Chrome may soon embrace Snapdragon laptops with native ARM version

One downside to picking up a Windows 10 on ARM laptop built on Qualcomm's Snapdragon platform is that traditional desktop apps require emulation, which brings an inevitable performance hit. But Chrome, the most popular browser on the market, could be close to circumventing that limitation.

Speaking in an interview with Android Authority at Arm TechCon, Qualcomm's senior director of product management, Miguel Nunes, confirmed that a native ARM version of the desktop browser is in the works. Says Nunes:

We're still working with the different OEMs and designs. I expect you'll see it probably around (the) second half of next year. Every OEM will decide whatever their launch timeline is, but we're actively working on it.

Nunes' choice of words could indicate that it is working to launch Chrome for ARM laptops with specific device manufacturers, which would be an interesting approach, to say the least. But if a native ARM port of Chrome is around the corner, it would be a big win for Windows 10 on ARM PCs. As much as Microsoft is hoping to bolster adoption of its own Edge browser, the fact remains that Chrome dominates the market. Anything that would boost the browser's performance, even if only by a small amount, would only serve to benefit consumers in the end.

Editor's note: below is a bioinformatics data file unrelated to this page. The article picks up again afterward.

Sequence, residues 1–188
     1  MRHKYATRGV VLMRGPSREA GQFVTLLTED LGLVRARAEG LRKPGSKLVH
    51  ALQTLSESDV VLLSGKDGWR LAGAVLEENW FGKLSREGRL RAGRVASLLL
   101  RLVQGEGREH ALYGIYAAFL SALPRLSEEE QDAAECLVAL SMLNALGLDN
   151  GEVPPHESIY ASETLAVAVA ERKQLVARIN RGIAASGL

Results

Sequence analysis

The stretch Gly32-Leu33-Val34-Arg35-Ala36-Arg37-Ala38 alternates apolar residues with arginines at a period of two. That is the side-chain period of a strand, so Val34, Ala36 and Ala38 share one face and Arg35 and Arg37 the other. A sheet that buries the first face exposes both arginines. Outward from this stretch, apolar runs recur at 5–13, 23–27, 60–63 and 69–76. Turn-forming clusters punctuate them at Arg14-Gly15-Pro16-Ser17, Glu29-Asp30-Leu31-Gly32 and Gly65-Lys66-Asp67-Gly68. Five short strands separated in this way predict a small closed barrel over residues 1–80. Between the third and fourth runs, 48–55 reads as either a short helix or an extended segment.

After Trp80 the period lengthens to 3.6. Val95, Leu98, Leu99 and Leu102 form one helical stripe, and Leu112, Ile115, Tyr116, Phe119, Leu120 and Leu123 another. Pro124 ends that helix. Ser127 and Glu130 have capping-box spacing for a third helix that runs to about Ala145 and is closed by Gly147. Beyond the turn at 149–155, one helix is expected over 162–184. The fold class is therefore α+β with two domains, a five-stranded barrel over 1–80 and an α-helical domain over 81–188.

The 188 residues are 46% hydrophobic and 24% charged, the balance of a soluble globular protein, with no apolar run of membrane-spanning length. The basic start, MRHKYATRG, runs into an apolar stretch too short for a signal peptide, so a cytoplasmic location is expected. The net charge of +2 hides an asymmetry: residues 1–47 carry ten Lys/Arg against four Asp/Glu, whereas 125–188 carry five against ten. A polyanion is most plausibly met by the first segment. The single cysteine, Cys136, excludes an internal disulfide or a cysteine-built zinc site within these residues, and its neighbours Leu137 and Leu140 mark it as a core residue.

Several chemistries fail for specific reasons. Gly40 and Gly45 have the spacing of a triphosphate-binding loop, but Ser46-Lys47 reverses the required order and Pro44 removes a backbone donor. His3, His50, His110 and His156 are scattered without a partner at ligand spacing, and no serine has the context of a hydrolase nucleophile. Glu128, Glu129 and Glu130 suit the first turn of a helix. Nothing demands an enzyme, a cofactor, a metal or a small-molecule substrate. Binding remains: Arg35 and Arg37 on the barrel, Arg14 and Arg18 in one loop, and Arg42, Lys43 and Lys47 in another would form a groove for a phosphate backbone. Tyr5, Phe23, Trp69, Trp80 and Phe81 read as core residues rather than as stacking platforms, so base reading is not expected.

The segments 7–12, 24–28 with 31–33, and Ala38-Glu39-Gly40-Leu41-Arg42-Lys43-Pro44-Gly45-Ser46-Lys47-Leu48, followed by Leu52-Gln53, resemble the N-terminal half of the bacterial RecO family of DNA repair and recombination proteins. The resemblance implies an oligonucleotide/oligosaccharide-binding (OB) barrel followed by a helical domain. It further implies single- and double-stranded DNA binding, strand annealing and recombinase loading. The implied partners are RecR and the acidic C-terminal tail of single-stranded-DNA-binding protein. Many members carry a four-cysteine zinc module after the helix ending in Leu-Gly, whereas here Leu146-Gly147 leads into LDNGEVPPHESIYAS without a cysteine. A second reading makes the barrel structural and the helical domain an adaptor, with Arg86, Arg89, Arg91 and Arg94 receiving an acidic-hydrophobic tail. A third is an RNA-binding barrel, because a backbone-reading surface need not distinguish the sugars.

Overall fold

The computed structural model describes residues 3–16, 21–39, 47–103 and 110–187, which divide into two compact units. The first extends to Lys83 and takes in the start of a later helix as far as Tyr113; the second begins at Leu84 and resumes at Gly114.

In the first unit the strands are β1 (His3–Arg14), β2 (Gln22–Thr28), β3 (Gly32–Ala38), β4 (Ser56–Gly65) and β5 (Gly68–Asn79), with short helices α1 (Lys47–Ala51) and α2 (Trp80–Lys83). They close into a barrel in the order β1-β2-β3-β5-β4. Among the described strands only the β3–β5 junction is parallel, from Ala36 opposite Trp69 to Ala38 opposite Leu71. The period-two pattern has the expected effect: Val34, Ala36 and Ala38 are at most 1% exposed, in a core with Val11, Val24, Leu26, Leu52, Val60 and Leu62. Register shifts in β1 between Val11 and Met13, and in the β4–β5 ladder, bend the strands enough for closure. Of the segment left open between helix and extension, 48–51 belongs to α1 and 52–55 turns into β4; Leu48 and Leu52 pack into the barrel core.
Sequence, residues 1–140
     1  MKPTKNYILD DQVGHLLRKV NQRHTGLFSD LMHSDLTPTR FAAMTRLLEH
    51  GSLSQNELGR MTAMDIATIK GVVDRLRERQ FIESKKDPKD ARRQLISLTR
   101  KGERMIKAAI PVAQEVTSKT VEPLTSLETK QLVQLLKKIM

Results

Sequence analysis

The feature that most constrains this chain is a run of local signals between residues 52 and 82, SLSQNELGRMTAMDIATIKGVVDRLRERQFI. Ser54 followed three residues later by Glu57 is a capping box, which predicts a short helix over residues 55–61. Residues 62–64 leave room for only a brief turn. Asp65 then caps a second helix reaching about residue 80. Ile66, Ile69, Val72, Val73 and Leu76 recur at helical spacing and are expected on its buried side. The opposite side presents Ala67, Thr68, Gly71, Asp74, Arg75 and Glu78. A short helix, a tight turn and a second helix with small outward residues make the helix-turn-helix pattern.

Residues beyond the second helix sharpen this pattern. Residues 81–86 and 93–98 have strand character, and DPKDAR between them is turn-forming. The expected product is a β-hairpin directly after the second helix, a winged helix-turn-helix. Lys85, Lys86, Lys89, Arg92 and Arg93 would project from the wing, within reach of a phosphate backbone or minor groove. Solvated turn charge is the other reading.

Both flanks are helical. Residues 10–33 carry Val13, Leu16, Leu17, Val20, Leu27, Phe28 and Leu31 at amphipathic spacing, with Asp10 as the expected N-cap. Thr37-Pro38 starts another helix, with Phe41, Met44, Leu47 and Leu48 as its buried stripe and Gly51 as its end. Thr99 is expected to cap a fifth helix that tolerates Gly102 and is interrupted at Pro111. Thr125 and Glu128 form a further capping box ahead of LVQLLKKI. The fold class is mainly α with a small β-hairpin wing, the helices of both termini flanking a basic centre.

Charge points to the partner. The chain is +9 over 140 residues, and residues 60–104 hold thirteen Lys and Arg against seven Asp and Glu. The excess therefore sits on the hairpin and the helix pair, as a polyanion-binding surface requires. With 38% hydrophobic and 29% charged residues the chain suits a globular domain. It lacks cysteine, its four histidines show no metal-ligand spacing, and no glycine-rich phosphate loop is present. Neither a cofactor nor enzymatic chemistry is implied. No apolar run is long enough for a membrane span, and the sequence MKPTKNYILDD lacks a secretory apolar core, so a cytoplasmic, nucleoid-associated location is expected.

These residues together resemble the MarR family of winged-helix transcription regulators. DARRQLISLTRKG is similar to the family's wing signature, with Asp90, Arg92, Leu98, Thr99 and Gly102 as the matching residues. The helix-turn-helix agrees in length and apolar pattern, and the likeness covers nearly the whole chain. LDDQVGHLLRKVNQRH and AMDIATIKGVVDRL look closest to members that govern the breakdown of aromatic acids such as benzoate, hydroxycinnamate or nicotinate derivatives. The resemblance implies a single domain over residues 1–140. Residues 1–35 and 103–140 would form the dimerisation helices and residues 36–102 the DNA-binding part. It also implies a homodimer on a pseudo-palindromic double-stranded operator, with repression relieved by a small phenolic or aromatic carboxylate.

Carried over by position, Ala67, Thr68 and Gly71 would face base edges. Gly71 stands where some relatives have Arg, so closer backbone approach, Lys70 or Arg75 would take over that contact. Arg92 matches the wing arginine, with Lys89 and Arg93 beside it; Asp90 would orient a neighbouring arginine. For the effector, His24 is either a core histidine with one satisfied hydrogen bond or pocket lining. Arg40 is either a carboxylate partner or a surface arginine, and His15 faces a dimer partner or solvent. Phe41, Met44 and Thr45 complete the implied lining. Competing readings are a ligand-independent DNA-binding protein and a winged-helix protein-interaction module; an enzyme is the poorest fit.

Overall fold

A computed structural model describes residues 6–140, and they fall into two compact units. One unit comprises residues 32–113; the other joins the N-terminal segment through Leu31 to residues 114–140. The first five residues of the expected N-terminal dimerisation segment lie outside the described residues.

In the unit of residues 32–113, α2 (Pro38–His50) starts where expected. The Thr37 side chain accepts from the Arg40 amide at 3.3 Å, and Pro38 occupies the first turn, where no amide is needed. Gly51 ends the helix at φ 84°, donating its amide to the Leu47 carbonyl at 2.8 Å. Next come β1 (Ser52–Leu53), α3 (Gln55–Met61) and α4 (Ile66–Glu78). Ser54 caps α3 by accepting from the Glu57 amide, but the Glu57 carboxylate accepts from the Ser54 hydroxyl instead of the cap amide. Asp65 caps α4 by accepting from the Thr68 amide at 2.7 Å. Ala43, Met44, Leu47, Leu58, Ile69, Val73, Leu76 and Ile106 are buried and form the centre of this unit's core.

Beyond Chrome, Nunes also commented on the growing ecosystem of Snapdragon PCs as more powerful chips hit the market. When asked if he was worried people would skip over Snapdragon 850 laptops in favor of those with later Snapdragon releases (such as the rumored Snapdragon 1000), Nunes responded:

No, I don't think so… We're gonna be creating two distinct product lines… We know you need device diversification. We know you need price diversification. And you're not going to be able to do that with one product. So we do expect two different lines of products with two different price points. So they will co-exist.

Dan Thorp-Lancaster

Dan Thorp-Lancaster is the former Editor-in-Chief of Windows Central. He began working with Windows Central, Android Central, and iMore as a news writer in 2014 and is obsessed with tech of all sorts. You can follow Dan on Twitter @DthorpL and Instagram @heyitsdtl